Road Trips 2020: A year in the rearview

One antidote to isolation in 2020 was the open road

Around the third month of March in 2020 lots of folks felt a little bit of cabin fever. The urge to head out on the highway hit in different ways. The record for the New York–LA Cannonball Run fell quickly and repeatedly. Some were lucky enough to have road-worthy wheels sitting outside and the means to take it a little slower. Vintage VW vans, Range Rovers, spry Sprinters, old Celicas with seats that go all the way back, battered Dolphins, that Mutt Cutts-mobile from Dumb and Dumber —you name it they packed them up and headed out looking for a taste of the magic and freedom of the road. Lucky for us, they brought their cameras… and their dogs.

Amelia le Brun

Shot on 120mm film on the North Northumberland, UK, coast. The pup, a rescue, is Nancy.

Will Bompey

Cross country in a gap year. Pretty good year for a gap.

Ryan Brown

Drove across Baja California Sur, Mexico, in a vintage VW Kombi van and a not-so-nifty rental. We managed to complete a leg of the Baja 1000 in the dark (by accident), explore remote surf villages that try their damndest to remain hidden, and stay in an even more remote village hidden inside an oasis in the middle of the desert.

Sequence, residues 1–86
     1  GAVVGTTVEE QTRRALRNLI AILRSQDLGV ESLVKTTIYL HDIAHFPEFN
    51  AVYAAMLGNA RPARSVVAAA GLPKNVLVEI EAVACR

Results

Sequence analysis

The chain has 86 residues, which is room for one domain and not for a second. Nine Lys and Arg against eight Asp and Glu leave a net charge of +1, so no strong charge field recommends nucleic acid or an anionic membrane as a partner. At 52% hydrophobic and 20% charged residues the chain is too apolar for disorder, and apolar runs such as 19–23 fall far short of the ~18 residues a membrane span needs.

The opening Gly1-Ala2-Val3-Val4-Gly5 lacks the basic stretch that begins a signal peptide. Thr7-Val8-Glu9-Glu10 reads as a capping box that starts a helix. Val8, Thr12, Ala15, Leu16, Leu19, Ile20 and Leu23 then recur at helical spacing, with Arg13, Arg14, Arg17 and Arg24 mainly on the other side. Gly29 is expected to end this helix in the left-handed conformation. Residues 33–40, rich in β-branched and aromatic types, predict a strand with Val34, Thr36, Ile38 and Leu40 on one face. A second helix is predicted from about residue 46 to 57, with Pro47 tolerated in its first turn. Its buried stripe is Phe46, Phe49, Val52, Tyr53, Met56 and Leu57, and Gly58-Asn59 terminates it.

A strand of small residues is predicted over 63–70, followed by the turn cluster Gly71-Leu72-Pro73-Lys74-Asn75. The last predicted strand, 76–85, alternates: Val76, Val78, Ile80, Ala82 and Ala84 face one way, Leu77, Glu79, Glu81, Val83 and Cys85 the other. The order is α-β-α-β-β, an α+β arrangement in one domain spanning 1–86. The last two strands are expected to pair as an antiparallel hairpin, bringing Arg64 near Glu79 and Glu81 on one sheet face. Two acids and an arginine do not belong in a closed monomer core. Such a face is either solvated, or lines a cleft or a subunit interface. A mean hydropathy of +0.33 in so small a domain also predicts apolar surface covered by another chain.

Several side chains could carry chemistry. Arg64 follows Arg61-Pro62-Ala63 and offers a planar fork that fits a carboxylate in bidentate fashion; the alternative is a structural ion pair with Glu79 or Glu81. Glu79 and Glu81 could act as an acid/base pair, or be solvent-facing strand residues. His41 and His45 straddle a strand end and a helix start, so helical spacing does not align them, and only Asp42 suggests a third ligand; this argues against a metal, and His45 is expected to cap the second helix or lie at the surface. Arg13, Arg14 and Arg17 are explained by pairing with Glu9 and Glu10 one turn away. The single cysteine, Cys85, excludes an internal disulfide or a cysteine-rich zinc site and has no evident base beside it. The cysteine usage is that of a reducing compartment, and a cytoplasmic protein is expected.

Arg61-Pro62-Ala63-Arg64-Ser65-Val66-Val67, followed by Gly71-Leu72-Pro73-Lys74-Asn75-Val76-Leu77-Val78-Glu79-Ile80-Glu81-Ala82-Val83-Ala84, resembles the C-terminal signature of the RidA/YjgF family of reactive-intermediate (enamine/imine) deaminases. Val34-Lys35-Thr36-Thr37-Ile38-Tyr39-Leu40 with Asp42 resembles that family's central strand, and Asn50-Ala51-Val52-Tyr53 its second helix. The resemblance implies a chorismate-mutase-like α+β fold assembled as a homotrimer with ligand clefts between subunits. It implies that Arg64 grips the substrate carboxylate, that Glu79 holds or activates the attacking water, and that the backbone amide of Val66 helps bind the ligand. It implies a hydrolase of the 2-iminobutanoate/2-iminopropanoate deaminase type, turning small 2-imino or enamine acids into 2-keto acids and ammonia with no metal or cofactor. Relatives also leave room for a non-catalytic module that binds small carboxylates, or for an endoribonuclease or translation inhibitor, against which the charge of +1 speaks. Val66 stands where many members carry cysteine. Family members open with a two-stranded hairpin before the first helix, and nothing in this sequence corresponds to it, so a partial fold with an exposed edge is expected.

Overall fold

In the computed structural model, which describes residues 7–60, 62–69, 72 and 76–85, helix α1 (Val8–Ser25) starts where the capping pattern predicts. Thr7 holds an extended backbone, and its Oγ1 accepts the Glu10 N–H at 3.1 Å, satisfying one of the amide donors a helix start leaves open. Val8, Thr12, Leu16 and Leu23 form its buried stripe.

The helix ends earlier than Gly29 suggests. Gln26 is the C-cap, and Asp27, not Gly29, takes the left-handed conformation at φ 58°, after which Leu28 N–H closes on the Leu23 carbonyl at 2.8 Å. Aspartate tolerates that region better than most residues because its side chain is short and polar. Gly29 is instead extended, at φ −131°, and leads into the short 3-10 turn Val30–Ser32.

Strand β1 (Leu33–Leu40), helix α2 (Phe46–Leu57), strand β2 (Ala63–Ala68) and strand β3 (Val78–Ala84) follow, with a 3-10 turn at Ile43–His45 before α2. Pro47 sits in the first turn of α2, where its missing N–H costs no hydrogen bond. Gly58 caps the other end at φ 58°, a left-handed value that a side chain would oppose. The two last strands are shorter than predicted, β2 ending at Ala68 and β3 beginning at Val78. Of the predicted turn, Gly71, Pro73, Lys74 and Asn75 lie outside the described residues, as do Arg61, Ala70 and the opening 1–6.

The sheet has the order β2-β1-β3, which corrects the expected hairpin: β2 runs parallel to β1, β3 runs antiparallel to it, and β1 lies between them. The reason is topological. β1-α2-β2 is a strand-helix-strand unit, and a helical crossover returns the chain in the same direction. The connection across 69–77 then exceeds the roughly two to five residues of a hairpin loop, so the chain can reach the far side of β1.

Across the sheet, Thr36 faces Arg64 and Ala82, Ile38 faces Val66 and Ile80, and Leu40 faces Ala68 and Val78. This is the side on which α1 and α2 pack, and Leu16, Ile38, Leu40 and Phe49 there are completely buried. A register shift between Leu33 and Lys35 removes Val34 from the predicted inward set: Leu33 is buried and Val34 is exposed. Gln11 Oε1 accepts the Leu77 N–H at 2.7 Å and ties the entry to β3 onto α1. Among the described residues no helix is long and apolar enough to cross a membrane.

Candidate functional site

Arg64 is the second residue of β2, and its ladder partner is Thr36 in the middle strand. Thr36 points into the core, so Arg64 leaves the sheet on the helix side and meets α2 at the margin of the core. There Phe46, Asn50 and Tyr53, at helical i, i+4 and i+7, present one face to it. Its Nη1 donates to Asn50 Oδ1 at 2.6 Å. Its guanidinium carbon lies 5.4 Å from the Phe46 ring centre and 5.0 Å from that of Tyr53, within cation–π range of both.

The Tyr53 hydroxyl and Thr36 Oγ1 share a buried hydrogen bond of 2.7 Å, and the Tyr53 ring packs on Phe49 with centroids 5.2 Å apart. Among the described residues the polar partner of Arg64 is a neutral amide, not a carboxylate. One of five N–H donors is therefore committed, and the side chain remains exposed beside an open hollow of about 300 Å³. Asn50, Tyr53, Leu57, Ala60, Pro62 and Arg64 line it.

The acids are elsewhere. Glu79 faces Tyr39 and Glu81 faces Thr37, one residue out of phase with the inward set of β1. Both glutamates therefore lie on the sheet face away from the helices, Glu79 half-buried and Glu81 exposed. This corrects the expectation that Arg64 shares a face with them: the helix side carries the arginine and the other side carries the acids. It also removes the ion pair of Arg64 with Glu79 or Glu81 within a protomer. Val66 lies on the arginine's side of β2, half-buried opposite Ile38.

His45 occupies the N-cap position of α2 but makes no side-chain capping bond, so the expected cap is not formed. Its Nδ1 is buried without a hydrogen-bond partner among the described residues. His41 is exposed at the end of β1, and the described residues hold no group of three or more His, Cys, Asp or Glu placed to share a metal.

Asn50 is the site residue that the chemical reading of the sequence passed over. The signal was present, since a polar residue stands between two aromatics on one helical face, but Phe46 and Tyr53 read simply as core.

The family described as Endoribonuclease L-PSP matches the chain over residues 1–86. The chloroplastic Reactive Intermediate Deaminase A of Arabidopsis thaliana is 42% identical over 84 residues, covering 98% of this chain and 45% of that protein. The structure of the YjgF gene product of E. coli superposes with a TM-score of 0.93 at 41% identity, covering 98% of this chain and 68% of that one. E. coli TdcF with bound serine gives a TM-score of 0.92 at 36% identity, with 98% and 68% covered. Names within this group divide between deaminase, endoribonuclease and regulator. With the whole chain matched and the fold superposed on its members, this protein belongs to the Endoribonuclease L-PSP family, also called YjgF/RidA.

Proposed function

Thomas LaGrega

This dog followed me home in Rockaway in mid-February 2020 and has been along for the ride since. She now goes by Chew Dog Millionaire aka Chewie. 35mm, taken in Morro Bay, CA.

Alex Krowiak

I am on the tail-end of a road trip along the entirety of Baja. From Utah to Cabo in an attempt to escape the dumpster fire. In addition to a Covid escape, this is also partly research and trial phase for a long-term project I am working on to retrace the route of John Steinbeck’s 1940 expedition around the Sea of Cortez. The eventual goal is to document the change that has taken place in Baja in the 80 years since and highlight conservation issues in the region.

Ryan Struck

Nature is always perfect. There’s always a place for it and things are always how they should be in the natural world. I never look at a mountain and think “hmm that ridgeline should have a different angle,” or “that river should flow the other direction.” When you sit and observe, you see how everything is interconnected. How everything plays off of one another. That rockfall belongs there, because the cliffs above are cracking. Without even trying, nature is perfect.